Google Glass Security Flaw by QR Codes Spotted (0)

Mobile security firm Lookout has announced that it has spotted a very critical Google Glass security flaw. The firm's principal security analyst Marc Rogers has told PC Mag's SecurityWatch they have discovered a vulnerability in how Google Glass processes QR codes. Because Google's wearable computer has limited user interface, the Glass' camera can automatically process any QR code it spots. "On the face of it, it's a really exciting development," Rogers said. "But the issue is the moment Glass sees a command code it recognizes, it executes it." This Google Glass security flaw may provide an opportunity for spammers and hackers to develop a malware that can be downloaded and installed after automatically scanning a QR code. To make sure their hunch is correct, Lookout created QR codes containing malicious software and they learned that Google Glass can be forced to perform actions even without the user's knowledge. Lookout first tried a malicious QR code that would initiate a so-called "Glass-cast," wherein Google Glass would share to a paired Bluetooth device whatever appears on the Glass' screen, without the user knowing it. Although this Google Glass security flaw screams "voyeurism" all over, it does have its limitations. For one, the attacker would have to be near enough to receive the Glass-cast transmission through Bluetooth, but before that he would have to pair their Bluetooth device to the user's Google Glass and that would require physical access. However, Rogers points out that since Google Glass has no lockscreen, pairing the devices would be easy as the attacker would just tap the Glass to confirm. The more troubling vulnerability is what Lookout did with its second malicious QR code, which forced Google Glass to connect to a designated WiFi network right after scanning the code. "Without realizing it, your Glass is connected to his access point and he can see your (web) traffic," Rogers said, adding that the attacker could exploit this web vulnerability, which could cause the wearable computer to be hacked. Lookout has already reported the Google Glass security flaw to Google and a patch has been released within two weeks to fix the loopholes. Source: SecurityWatch Image source: Joe Seer, Featureflash / Shutterstock.com Read More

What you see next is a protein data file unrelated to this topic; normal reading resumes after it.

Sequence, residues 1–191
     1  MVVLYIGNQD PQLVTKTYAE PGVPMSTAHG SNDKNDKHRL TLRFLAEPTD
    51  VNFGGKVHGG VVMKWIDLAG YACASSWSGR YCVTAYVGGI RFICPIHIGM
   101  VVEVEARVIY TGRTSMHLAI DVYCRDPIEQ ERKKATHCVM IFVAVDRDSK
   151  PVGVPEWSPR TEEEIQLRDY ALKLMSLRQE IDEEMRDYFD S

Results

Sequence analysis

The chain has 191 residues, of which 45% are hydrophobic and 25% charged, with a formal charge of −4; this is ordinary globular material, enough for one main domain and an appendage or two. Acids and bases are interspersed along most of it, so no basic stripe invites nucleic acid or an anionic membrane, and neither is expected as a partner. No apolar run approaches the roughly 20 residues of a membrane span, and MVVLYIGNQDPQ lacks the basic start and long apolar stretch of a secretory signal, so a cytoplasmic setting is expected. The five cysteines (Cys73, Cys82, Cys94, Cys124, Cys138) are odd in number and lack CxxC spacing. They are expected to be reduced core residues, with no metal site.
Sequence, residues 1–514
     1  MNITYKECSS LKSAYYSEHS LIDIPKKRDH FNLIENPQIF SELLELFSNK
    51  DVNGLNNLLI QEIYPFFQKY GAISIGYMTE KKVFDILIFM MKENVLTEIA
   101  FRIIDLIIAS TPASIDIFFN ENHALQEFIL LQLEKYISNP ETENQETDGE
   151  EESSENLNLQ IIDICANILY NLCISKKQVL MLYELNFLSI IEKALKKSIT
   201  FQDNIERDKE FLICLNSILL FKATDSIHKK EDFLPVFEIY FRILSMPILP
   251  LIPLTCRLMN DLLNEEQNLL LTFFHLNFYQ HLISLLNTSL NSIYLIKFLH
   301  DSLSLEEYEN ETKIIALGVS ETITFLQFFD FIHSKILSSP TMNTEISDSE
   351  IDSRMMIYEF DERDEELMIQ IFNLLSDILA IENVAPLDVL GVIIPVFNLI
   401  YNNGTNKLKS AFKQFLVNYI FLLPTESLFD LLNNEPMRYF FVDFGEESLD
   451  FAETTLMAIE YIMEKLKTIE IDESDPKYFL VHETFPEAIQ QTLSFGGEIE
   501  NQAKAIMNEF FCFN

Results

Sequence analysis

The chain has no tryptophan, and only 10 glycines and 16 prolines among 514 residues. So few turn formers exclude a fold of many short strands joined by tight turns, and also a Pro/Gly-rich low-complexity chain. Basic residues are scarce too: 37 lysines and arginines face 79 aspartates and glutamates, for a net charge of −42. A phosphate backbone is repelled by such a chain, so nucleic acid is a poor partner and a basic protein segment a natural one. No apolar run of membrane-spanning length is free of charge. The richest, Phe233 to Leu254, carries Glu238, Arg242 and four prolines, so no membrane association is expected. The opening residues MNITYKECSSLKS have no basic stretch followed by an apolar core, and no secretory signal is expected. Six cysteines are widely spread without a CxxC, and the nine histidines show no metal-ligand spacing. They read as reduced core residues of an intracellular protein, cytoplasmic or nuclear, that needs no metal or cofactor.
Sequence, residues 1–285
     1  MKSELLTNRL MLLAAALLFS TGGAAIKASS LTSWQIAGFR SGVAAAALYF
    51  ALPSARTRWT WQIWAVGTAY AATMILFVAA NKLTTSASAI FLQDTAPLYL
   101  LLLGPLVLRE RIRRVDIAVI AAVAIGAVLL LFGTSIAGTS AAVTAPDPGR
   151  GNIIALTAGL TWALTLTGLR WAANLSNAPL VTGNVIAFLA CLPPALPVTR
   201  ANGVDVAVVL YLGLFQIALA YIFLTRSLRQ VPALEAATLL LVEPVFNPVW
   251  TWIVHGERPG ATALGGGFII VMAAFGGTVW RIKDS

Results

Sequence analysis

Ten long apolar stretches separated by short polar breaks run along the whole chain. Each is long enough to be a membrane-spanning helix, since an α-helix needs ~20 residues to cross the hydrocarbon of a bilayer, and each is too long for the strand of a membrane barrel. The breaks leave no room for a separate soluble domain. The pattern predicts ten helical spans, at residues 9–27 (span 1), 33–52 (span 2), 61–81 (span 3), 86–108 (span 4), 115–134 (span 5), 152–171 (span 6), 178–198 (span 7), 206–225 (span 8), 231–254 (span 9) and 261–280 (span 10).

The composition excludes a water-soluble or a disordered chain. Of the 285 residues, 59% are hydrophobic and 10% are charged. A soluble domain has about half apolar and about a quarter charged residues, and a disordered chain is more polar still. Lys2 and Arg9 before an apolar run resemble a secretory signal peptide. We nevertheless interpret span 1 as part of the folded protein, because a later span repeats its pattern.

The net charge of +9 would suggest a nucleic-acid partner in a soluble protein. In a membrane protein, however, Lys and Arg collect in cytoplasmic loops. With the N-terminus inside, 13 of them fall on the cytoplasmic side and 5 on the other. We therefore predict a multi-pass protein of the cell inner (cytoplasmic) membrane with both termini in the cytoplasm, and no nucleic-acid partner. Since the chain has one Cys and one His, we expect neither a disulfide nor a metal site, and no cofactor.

Favorite Brands List: Apple & Google Out; Amazon In (0)

We are halfway through 2013 and market research firm YouGove BrandIndex has released its semi-annual report on the top 10 best-perceive brands in the United States. Much to everyone's surprise, a number of popular brands like Coca-Cola, Apple, and Google are out on the favorite brands list. The company behind the iconic iPhone has been out of the top 10 list since the second half of 2012, while Google held on to 10th place that same time. This is despite Apple's generally satisfied customers and Google's lead in mobile and web search markets. YouTube, which is owned by Google is on the current favorite brands list at no. 8. Meanwhile, Amazon is able to snag two spots on the list: one for the online retail service at no.2, the other for its Kindle brand of e-book readers and tablets at no. 9. YouGov BrandIndex conducts consumer perception studies on a daily basis, interviewing 5,000 people across the US from Monday to Friday, resulting in over 1.2 million interviews annually. The brands were measured using the firm's so-called "Buzz" score, wherein respondents answer to this question: "If you've heard anything about the brand in the last two weeks, through advertising, news or word of mouth, was it positive or negative?" The resulting scores range from -100 to 100, wherein negative feedback subtracts the positive. For instance, a score of zero means that a particular brand received an equal amount of positive and negative perception. Automaker Ford leads the recent favorite brands list. Also on the list are the History Channel, Lowe's, Walgreens, V8, and Subway. Source: Business Insider Australia Read More

Google Working on Android Game Console and Smartwatch (0)